Nokia Windows smart phones to debut in US

It seems smart phones are everywhere these days, but T-Mobile and Nokia are banking their newest venture on the 150 million people in the United States who haven't upgraded their cell phones yet.

Finnish phone company Nokia is set to release the first of its smart phones in the U.S. Jan. 11, 2012, which is when T-Mobile rolls out the Nokia Lumia 710 running Windows Phone 7.5 "Mango."

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Nokia is betting its future on Microsoft's Windows Phone platform, having largely stepped away from its Symbian mobile operating system platform. Company officials hope to broaden Nokia's smart-phone reach in U.S. markets via Microsoft's OS.

The Lumia 710 is the economy-priced version of the two Windows smart phones that Nokia unveiled in late October. The device is "expected" to cost $49.99 after a $50 mail-in rebate, based on a two-year service agreement that includes a voice and data plan. (The "expected" phrasing comes from T-Mobile's announcement.)

In announcing the Lumia 710's availability on Wednesday, T-Mobile articulated some reasons why Microsoft and Nokia still have a shot despite market leads held by Google's Android-based devices and Apple's iPhones.

Cole Brodman, chief marketing officer at T-Mobile USA, made the argument that T-Mobile's voice and data plans, combined with the relatively inexpensive new Nokia device, would be attractive to first-time smart-phone buyers.

"Our research shows nearly everybody in the U.S. wants a smart phone, but many believe they can't afford it," Brodman said in a statement.

In the same news release, former Microsoft partner executive and current Nokia Americas President Chris Weber added that "this is the perfect first Nokia Lumia experience and the start of our re-entry into the U.S. smart-phone market."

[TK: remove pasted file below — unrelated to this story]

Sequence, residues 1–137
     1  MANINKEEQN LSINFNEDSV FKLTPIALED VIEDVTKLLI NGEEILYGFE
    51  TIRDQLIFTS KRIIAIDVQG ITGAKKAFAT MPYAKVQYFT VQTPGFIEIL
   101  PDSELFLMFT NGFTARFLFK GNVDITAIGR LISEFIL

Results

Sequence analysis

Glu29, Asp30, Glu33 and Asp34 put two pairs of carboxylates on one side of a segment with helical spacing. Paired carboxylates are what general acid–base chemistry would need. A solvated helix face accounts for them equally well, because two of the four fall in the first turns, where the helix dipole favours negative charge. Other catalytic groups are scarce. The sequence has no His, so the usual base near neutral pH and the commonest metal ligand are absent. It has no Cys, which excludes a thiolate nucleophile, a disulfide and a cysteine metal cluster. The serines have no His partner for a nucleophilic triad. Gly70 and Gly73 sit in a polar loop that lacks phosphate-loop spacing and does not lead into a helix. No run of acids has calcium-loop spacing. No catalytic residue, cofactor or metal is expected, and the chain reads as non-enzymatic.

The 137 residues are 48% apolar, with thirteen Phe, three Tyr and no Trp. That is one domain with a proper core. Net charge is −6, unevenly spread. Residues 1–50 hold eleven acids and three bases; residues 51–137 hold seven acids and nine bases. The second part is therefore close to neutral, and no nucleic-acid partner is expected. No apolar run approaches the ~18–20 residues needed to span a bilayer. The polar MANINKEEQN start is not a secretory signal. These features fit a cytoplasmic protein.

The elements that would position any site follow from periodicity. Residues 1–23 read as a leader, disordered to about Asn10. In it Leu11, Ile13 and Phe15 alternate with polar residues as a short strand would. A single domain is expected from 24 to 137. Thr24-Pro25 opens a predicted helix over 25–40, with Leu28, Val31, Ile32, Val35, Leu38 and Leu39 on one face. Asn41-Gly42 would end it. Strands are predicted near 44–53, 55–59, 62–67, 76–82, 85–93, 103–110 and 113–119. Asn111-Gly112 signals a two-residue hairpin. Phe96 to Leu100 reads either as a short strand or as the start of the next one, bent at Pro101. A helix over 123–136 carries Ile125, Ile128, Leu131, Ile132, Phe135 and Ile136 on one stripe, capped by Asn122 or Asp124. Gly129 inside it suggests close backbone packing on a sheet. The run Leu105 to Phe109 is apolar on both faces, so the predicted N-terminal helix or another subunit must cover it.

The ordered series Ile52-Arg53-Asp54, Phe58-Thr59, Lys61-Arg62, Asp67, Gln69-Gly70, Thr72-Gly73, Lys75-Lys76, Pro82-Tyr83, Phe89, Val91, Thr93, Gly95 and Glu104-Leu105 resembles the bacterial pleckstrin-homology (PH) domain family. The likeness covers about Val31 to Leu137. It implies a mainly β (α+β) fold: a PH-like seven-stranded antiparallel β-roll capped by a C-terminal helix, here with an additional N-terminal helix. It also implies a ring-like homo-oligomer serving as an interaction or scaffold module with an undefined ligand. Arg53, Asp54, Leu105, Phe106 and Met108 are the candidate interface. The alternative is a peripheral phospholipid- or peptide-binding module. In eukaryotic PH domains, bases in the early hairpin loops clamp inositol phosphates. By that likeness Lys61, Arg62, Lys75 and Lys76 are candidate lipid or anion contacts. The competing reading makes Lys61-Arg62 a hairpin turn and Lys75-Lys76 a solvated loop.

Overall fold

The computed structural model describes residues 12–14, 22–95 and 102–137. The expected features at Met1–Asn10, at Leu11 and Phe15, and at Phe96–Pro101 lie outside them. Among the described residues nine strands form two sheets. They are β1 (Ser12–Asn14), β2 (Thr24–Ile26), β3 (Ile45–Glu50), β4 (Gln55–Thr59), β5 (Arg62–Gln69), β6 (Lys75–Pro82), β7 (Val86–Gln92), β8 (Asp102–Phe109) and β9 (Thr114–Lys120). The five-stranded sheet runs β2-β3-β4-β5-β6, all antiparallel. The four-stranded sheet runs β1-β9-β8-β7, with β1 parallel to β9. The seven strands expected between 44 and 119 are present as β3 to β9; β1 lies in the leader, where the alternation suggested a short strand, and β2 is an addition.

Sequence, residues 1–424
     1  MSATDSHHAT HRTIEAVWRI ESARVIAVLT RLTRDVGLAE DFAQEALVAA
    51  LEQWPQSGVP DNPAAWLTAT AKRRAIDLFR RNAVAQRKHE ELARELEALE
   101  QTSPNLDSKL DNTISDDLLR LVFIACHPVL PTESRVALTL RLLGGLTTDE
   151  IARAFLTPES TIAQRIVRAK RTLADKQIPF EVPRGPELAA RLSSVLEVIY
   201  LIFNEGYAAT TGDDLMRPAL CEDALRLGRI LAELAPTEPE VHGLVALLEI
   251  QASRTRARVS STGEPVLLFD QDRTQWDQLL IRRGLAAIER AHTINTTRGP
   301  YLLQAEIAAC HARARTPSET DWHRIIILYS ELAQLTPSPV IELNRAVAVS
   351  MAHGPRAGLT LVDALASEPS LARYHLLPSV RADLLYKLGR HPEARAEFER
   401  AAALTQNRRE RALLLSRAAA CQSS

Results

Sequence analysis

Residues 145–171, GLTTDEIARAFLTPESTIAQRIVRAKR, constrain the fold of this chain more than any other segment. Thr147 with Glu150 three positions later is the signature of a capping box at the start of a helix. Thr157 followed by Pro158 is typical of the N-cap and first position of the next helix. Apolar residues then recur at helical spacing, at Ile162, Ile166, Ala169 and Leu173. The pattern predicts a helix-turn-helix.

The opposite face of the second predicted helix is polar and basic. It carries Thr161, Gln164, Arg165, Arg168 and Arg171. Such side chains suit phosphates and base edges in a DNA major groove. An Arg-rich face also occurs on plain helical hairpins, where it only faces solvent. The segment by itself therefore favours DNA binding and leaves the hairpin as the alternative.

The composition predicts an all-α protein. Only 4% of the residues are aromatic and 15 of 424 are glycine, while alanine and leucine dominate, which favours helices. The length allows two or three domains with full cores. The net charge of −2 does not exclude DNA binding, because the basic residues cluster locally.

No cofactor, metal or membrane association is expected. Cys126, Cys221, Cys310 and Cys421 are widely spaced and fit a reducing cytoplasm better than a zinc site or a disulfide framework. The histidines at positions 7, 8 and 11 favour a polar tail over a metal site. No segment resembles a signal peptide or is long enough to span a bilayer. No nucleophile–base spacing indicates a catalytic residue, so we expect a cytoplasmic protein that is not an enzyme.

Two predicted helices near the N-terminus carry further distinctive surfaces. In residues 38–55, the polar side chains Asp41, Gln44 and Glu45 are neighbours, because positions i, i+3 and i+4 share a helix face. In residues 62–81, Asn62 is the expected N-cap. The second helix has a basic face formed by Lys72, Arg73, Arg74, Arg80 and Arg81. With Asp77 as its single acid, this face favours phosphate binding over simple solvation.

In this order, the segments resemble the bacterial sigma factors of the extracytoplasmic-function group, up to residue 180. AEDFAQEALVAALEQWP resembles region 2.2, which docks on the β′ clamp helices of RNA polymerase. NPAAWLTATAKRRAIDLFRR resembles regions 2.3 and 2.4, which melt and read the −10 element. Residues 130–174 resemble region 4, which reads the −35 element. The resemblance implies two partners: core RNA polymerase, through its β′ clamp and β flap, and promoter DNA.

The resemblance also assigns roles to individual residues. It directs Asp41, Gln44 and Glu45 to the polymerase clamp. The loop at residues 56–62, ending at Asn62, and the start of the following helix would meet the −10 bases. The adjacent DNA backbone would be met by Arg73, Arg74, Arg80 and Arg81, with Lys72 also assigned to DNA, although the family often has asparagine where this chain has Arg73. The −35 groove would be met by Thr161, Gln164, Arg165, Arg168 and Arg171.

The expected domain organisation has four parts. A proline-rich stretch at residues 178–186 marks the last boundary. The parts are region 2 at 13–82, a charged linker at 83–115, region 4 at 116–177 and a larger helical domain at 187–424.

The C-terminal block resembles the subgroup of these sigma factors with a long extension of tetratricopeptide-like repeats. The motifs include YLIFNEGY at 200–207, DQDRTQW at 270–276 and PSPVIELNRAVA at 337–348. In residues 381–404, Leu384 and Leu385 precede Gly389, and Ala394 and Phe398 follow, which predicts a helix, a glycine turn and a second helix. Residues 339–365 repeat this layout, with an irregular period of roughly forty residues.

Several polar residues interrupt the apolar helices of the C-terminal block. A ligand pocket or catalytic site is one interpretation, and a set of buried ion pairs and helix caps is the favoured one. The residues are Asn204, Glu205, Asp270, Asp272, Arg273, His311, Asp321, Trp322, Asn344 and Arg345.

Michael Stroh, who posts regularly on the Microsoft Windows Phone blog, wrote that the T-Mobile version of the Nokia phone will come "pre-stocked with popular apps, including ESPN, Netflix, The Weather Channel, Slacker Radio, T-Mobile TV, and Nokia Drive for voice-guided, turn-by-turn navigation." The voice navigation app is being touted by Nokia as a major differentiator for their devices.


The device has a 3.7-inch ClearBlack WVGA touchscreen, a Qualcomm 1.4 GHz Snapdragon processor and a 5-megapixel auto-focus camera. Unlike the version launched in Europe, the Lumia 710 for T-Mobile in the United States is available only in white and black. European carriers have blue, pink and yellow versions, as well.

The other notable missing feature of the Lumia 710 and its higher end (but not publicly announced for America yet) sibling, the Lumia 800, is a front-facing camera (FFC). That omission is important because the Nokia devices will compete with a second-generation of Windows Phone devices that mostly have FFCs and because key Microsoft apps such as Lync and Skype are expected to eventually depend on FFCs for some functionality.

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